Climate protesters arrested at Glasgow museum – and more art news –


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POLICE BLOTTER. Two Belgians arrested by Dutch police following the theft of jewelery in TEFAF in Maastricht earlier this week were released without charge, the Associated press reports. An investigation cleared them; no one else has been arrested in connection with this shameless crime. And in Glasgow, Scotland, on Wednesday, the evening standard reports, five people involved in a climate protest have been arrested for allegedly sticking to a painting (a 19th century Horatio McCulloch landscape, for the record) at Kelvingrove Art Gallery and Museumand spray painting the walls and floors of the establishment.

Related Articles

‘GROW OR LEAVE’ is the art collector Alain ServaisThe memorable phrase of the need for galleries to continue to grow to be competitive in this sharp elbow art industry. This week brings news of two other outfits that are developing: in Seoul, an international power, the rhythm gallerytook an additional 1,500 square feet in the building it moved into last year, the FinancialTimes reports, and it will also soon open a tea room (with cocktails!) and an outdoor courtyard for sculpture. And the art diary reports that Zurich Peter Kilchmann Gallery will open a Paris branch in October of approximately 1,880 square feet. First place: a personal exhibition of the artist Leiko Ikemura.

The summary

The Thai artist, educator and activist Thanom Chapakdi died aged 64, after being hospitalized for complications related to a stroke, Pamela Wong reports. He was co-founder of the U-Kabat performance group and co-organizer of the Asiatopia performance festival. [ArtAsiaPacific]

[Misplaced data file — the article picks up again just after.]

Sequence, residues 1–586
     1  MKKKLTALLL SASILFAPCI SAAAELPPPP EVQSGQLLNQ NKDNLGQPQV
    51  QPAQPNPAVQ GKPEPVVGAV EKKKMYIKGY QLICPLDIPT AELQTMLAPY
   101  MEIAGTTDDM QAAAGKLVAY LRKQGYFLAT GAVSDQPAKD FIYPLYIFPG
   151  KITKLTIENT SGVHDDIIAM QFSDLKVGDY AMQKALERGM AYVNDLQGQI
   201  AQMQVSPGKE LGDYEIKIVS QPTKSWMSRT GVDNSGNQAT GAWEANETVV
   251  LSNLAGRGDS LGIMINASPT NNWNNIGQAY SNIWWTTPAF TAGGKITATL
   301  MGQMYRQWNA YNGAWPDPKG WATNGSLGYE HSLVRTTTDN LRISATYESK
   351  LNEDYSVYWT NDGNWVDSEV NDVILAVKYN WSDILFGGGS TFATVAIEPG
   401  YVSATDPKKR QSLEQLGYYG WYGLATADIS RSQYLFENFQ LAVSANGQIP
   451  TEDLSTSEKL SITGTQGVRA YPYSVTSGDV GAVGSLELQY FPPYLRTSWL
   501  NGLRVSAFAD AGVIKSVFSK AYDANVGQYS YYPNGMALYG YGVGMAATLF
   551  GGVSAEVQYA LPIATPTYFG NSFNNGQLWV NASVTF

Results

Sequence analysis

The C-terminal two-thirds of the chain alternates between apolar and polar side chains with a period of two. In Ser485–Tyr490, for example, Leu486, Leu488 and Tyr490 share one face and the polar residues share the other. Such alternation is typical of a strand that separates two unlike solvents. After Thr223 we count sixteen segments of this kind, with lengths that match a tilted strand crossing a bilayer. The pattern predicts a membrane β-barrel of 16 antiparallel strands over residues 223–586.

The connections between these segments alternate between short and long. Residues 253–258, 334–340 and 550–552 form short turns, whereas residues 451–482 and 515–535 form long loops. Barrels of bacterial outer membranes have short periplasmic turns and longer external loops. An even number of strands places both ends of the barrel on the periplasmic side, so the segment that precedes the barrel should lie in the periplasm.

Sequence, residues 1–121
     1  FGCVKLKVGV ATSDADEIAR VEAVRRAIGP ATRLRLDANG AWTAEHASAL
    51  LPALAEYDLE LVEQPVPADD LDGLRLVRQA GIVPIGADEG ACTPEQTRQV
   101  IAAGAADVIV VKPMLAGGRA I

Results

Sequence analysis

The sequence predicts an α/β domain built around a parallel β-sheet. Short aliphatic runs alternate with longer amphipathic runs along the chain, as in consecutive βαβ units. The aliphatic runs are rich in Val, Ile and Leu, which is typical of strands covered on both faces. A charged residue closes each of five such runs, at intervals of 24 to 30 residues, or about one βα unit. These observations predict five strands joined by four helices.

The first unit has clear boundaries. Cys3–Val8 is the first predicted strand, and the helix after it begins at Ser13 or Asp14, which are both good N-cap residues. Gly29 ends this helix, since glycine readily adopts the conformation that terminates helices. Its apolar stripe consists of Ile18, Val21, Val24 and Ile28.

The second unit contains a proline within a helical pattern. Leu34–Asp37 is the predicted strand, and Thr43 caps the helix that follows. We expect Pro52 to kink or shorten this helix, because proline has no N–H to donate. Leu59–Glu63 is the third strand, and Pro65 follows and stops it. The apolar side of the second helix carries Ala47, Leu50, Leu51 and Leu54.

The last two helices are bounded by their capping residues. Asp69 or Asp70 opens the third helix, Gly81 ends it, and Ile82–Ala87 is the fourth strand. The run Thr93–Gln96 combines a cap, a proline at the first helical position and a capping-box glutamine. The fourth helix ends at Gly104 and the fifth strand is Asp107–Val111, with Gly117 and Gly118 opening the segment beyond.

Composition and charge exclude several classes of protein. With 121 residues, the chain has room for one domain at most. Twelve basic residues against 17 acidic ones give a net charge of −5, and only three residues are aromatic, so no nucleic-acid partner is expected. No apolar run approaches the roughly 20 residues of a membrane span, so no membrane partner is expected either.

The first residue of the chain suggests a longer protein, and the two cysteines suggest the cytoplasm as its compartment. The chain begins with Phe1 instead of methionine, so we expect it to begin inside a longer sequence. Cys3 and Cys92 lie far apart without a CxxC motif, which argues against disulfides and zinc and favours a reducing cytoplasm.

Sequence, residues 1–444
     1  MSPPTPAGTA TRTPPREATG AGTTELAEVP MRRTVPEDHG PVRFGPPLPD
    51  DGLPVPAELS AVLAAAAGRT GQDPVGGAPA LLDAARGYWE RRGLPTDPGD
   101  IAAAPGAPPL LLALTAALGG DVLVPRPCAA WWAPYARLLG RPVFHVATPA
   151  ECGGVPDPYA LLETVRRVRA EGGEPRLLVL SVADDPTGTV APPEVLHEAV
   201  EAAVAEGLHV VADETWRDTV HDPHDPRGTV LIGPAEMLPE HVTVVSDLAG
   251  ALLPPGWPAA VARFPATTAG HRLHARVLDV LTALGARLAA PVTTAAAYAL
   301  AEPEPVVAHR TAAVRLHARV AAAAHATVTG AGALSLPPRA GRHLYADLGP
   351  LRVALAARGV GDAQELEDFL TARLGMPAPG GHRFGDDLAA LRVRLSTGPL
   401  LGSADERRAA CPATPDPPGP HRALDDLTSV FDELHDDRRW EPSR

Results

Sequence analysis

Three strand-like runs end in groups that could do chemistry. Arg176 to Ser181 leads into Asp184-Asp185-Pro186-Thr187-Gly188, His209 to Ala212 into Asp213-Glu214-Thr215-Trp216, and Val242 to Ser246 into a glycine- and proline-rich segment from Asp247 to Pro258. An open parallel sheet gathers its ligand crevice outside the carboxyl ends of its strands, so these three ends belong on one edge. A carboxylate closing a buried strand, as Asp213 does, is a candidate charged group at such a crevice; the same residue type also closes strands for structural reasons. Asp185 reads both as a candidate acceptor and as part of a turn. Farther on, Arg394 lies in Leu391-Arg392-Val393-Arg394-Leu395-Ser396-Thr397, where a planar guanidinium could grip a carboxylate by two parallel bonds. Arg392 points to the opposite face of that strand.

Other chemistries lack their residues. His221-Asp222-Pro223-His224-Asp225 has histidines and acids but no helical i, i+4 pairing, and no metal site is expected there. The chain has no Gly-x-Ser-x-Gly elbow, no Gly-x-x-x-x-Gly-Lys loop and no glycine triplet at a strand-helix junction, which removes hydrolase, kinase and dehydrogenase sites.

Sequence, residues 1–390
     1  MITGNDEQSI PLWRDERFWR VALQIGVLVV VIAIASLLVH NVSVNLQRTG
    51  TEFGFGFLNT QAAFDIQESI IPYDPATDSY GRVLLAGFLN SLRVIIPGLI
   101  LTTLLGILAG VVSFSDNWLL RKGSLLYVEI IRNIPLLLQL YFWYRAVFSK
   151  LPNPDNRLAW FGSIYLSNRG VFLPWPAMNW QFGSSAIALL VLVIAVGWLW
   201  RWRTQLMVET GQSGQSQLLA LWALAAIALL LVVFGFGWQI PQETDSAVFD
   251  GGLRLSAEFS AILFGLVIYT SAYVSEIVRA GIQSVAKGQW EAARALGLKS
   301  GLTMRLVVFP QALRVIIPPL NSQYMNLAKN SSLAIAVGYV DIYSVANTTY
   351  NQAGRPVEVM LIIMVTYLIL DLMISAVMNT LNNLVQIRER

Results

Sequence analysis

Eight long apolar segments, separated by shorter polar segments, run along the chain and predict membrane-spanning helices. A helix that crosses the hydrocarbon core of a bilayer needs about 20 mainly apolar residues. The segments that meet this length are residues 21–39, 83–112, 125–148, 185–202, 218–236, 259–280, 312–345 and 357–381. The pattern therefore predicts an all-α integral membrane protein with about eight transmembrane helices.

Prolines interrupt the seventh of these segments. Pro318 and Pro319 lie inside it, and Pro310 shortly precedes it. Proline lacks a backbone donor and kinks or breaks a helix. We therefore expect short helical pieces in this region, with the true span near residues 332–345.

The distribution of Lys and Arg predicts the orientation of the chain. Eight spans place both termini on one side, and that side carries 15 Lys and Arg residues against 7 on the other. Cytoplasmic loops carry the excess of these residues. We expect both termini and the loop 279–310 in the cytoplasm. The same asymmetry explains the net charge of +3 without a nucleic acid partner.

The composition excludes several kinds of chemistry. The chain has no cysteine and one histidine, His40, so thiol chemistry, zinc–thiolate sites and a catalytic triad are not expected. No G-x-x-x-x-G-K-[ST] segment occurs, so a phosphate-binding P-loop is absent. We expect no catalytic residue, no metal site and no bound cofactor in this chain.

The next director of Contemporary Copenhagen the museum will be Marie Laurbergwho is currently artistic director of the Kunstmuseum Brandts in Odense, Denmark. She takes the place of Mary Clampwho was chosen to lead the ARKEN museum in Ishøj. [ArtReview]

A Francis Bacon portrait of a fellow artist Lucian Freud went for $52 million in an otherwise subdued medium Sotheby’s sales in London, Angelique Villa reports. [ARTnews]

The National September 11 Memorial and Museum in New York filled the last vacant spot on a wall with photographs of nearly 3,000 people killed in the September 11, 2001 attacks. [The Associated Press]

Gagosian director Antwaun Sargent—who guest-edited an issue of Art in Americaour sister publication, last year, got the profile treatment of Ruth LaFerla on the occasion of the exhibition he organized of the work of the late Virgil Abloh at the Brooklyn Museum. [The New York Times]

The NFT the terrain doesn’t seem that hot these days. “Without a doubt, the NFT market fell off the cliff in June,” said one expert. This will be the first month since June of last year with less than $1 billion in sales, and many of the most popular tokens have seen their prices drop lately. [Bloomberg]

Architectural Summary ventured to a home in Napa Valley, Calif., owned by “two tech executives from San Francisco.” It includes work Sally England and Nicholas Shurey—and, in the laundry room, wallpaper from Gucci. [Architectural Digest]

the kicker

A MERGER. Screenwriter and Director Lena Dunham directed the last music video for musician and artist Issy woodand in an interview with vogue discussed his interest in Wood’s work. “I loved Issy’s paintings – it’s that feeling you can’t explain when you see something that appeals to you aesthetically, like when you scratch a dog’s ear and paws,” Dunham said. The song in the video, “Both,” is the lead single from an album Wood will release in August. [Vogue]


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